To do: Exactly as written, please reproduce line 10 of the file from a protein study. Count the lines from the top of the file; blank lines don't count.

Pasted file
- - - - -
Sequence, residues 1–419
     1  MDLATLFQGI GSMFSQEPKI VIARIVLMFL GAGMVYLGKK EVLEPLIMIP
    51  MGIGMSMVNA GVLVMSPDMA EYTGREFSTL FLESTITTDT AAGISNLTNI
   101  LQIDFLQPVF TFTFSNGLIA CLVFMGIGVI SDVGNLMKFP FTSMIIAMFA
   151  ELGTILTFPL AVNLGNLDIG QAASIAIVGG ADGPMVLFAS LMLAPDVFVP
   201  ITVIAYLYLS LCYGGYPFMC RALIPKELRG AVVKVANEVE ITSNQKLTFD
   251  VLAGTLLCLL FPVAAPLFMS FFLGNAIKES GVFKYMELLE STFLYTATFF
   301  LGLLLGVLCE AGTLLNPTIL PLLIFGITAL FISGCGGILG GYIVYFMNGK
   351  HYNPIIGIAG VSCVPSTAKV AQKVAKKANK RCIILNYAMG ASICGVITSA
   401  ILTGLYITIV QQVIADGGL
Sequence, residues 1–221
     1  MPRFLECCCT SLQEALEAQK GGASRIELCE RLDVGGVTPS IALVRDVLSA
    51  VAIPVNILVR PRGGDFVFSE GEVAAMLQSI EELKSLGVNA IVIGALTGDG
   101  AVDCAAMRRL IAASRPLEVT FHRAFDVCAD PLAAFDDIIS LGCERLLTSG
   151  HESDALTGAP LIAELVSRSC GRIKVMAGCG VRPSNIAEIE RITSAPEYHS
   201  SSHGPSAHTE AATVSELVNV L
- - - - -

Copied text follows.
   401  ILTGLYITIV QQVIADGGL